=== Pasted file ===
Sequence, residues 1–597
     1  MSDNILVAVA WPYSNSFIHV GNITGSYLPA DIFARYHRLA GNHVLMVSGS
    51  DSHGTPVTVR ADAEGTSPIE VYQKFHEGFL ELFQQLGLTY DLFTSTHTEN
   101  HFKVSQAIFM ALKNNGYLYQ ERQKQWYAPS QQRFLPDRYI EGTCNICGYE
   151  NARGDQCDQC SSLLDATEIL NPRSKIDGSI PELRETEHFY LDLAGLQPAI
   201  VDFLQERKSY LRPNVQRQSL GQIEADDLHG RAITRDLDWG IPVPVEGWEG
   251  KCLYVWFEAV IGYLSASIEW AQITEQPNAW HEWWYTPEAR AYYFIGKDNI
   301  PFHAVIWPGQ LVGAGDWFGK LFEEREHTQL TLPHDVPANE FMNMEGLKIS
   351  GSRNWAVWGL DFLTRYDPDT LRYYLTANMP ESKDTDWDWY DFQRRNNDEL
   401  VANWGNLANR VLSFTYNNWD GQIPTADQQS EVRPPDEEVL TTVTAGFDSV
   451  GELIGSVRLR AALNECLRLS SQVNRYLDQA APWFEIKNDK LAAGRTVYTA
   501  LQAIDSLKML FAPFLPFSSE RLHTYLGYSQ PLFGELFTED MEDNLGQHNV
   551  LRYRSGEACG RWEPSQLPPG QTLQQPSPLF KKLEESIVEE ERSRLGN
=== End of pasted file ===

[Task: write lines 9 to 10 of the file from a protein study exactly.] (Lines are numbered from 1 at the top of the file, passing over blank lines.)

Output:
   351  GSRNWAVWGL DFLTRYDPDT LRYYLTANMP ESKDTDWDWY DFQRRNNDEL
   401  VANWGNLANR VLSFTYNNWD GQIPTADQQS EVRPPDEEVL TTVTAGFDSV